The influence of the fatty acid amide hydrolase 385C_A single nucleotide polymorphisms on obesity susceptibility
A recent study has revealed the positive correlation of fatty acid amine hydrolase (FAAH) polymorphisms with increased obesity rates in Iranian women. FAAH is a regulatory enzyme in the endocannabinoid system that is important for the inactivation of endogenous cannabinoids and has previously been associated with the obese phenotype. It was specifically found that two different genotypes of the 385 C/A polymorphism of FAAH increased the probability of obesity risk almost two times. Further research should focus on the possible screening of polymorphisms of the FAAH enzyme in order to advise those at an increased risk of developing obesity, and perhaps developing a weight management medication that targets FAAH and the endocannabinoid system.
The “munchies” is a well-known side effect of cannabis consumption popularized by derogatory or humorous characterizations of chronic cannabis users, such as stoner/surfer Jeff Spicoli in Fast Times at Ridgemont High. Cannabinoids and terpenes have been shown to have various effects on weight management and appetite stimulation, including appetite suppression. Cannabis-based medication to aid in the recovery of anorexia nervosa are currently being researched due to the anxiolytic effects and appetite stimulation, but some terpenes like humulene have recently been featured for their appetite suppressant capabilities. Further research should be conducted to fully develop the various weight management medications that cannabis has the ability to produce.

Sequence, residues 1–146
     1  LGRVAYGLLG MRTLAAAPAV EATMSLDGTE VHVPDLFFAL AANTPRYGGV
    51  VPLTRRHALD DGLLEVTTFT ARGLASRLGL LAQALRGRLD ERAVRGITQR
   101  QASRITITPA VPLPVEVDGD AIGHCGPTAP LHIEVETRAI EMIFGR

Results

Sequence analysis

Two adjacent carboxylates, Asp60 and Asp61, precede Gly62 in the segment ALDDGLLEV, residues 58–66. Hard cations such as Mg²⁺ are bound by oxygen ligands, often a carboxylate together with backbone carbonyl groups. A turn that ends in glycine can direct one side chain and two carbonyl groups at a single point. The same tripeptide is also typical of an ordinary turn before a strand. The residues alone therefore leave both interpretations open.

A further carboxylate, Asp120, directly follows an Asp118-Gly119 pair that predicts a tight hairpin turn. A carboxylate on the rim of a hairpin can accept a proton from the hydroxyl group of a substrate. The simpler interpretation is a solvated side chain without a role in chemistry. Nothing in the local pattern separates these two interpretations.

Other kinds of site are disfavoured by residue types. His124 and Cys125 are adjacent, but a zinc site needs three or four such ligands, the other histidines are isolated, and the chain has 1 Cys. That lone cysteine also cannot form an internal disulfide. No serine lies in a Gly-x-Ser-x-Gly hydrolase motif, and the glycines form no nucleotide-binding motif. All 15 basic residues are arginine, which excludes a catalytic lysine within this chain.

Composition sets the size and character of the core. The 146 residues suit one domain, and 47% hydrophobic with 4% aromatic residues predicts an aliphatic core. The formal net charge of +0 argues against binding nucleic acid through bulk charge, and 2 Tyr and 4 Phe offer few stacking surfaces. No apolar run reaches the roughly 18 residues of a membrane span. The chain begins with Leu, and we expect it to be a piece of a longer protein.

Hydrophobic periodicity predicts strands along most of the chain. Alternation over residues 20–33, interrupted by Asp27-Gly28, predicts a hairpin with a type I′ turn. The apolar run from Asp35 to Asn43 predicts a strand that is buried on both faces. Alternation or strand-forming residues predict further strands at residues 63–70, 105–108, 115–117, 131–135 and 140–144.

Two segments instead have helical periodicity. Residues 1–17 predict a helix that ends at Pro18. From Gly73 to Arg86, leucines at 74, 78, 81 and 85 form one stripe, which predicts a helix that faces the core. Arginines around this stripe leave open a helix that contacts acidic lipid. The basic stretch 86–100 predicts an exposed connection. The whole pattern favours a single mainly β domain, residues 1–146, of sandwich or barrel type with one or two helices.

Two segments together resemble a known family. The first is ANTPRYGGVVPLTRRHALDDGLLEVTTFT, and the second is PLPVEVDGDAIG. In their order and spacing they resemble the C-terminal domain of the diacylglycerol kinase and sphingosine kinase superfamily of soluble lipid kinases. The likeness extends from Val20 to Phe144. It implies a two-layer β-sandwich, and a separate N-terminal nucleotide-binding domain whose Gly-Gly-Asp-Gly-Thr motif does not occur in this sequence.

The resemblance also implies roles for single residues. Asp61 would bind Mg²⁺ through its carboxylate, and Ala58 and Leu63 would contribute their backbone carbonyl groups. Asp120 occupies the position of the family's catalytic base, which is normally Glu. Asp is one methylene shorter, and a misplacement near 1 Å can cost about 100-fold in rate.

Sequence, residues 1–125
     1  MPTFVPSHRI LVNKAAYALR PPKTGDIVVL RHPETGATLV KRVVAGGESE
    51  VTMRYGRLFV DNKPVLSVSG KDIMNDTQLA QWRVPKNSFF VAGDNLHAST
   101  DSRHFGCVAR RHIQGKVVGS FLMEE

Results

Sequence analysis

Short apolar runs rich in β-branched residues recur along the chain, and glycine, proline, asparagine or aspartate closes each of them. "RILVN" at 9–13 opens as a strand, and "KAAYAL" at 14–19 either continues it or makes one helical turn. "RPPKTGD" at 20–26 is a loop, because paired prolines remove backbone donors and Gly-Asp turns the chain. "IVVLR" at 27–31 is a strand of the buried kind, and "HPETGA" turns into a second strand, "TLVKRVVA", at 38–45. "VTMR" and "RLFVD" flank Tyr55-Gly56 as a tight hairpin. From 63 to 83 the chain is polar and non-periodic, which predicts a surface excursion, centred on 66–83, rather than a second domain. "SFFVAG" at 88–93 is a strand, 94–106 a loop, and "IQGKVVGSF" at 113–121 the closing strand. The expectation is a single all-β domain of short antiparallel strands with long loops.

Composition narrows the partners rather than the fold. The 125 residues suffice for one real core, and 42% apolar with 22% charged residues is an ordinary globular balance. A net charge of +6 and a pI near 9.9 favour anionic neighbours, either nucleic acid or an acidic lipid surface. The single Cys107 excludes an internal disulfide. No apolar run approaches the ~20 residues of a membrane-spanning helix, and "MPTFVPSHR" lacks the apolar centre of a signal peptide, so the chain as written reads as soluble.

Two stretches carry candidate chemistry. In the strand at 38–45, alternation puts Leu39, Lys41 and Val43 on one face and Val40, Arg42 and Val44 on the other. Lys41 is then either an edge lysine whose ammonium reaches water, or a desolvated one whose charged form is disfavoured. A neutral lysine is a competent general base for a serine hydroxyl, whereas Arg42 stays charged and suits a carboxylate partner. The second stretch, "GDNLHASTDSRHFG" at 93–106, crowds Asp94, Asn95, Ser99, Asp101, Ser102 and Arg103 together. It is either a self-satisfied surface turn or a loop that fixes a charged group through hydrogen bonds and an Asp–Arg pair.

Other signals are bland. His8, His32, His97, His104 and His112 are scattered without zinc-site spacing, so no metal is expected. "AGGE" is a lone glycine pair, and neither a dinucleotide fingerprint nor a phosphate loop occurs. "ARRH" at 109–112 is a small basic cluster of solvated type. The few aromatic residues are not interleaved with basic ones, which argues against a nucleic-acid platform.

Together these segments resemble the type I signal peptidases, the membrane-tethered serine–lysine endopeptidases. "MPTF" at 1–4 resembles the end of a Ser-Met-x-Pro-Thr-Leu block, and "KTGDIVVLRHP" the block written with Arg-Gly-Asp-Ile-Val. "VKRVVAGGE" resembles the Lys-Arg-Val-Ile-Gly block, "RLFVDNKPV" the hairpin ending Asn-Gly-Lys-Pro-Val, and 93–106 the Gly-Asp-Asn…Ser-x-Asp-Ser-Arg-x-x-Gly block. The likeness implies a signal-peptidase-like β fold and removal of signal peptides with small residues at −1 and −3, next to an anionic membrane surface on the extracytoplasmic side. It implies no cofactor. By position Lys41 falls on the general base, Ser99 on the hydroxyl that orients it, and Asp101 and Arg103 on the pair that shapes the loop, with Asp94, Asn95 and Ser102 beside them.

The study is available for review or download here:
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Biological underpinnings from psychosocial stress towards appetite and obesity during youth- research implications towards metagenomics, epigenomics and metabolomics
A recent study has revealed how saliva analysis demonstrates the relationship between diet, stress, and the endocannabinoid system. Stress can be measured by the concentration of cortisol in saliva; an increased concentration of cortisol has been positively correlated to increased activity of the endocannabinoid system which then leads to an increase in appetite. One suggested a mechanism for this occurrence is that the increase in cortisol modulates microbes that regulate endocannabinoids which eventually leads to uncontrolled eating habits. The dysregulation of the endocannabinoid system by stress has therefore been related to obesity and is a promising target for the treatment of obesity.
The authors mention utilizing saliva as a tool to discover the cause of patients obesity. By determining the cause in a timely fashion, physicians may be able to recommend more accurate treatment or diet plans to bring patients' weight back under control. Cannabinoids, in combination with stress-relieving techniques, may also provide an easier method for dropping weight than the more traditional diets that are often difficult to adhere to. Considering the obesity rates in America, especially among adolescents, looking into these alternative therapies for obesity is in the best interest of America’s national health.
This study is available for review and download in the CED Foundation Archive: http://bit.ly/drcaplan